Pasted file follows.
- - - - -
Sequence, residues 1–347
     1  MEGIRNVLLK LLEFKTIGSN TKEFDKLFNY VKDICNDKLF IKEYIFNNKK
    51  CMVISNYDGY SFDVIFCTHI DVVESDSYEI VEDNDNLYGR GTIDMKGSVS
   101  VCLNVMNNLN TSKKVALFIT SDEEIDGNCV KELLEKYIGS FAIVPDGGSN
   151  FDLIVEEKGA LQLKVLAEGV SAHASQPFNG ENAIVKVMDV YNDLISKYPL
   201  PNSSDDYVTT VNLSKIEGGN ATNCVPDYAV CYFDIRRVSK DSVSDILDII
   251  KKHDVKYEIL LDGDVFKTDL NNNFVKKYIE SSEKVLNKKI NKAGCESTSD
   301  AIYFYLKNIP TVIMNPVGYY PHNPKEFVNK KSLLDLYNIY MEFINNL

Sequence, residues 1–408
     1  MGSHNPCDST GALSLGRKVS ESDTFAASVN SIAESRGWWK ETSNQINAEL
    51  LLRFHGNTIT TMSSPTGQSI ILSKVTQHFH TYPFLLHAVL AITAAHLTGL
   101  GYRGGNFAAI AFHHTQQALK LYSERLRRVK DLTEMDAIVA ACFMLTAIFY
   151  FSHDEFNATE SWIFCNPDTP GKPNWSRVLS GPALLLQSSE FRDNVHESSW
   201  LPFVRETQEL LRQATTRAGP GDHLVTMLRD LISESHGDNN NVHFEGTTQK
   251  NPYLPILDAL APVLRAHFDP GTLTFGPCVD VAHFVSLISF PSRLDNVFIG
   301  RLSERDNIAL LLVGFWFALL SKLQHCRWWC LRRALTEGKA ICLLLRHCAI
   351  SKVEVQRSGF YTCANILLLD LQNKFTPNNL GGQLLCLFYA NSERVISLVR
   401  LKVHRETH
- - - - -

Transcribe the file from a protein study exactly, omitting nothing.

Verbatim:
Sequence, residues 1–347
     1  MEGIRNVLLK LLEFKTIGSN TKEFDKLFNY VKDICNDKLF IKEYIFNNKK
    51  CMVISNYDGY SFDVIFCTHI DVVESDSYEI VEDNDNLYGR GTIDMKGSVS
   101  VCLNVMNNLN TSKKVALFIT SDEEIDGNCV KELLEKYIGS FAIVPDGGSN
   151  FDLIVEEKGA LQLKVLAEGV SAHASQPFNG ENAIVKVMDV YNDLISKYPL
   201  PNSSDDYVTT VNLSKIEGGN ATNCVPDYAV CYFDIRRVSK DSVSDILDII
   251  KKHDVKYEIL LDGDVFKTDL NNNFVKKYIE SSEKVLNKKI NKAGCESTSD
   301  AIYFYLKNIP TVIMNPVGYY PHNPKEFVNK KSLLDLYNIY MEFINNL

Sequence, residues 1–408
     1  MGSHNPCDST GALSLGRKVS ESDTFAASVN SIAESRGWWK ETSNQINAEL
    51  LLRFHGNTIT TMSSPTGQSI ILSKVTQHFH TYPFLLHAVL AITAAHLTGL
   101  GYRGGNFAAI AFHHTQQALK LYSERLRRVK DLTEMDAIVA ACFMLTAIFY
   151  FSHDEFNATE SWIFCNPDTP GKPNWSRVLS GPALLLQSSE FRDNVHESSW
   201  LPFVRETQEL LRQATTRAGP GDHLVTMLRD LISESHGDNN NVHFEGTTQK
   251  NPYLPILDAL APVLRAHFDP GTLTFGPCVD VAHFVSLISF PSRLDNVFIG
   301  RLSERDNIAL LLVGFWFALL SKLQHCRWWC LRRALTEGKA ICLLLRHCAI
   351  SKVEVQRSGF YTCANILLLD LQNKFTPNNL GGQLLCLFYA NSERVISLVR
   401  LKVHRETH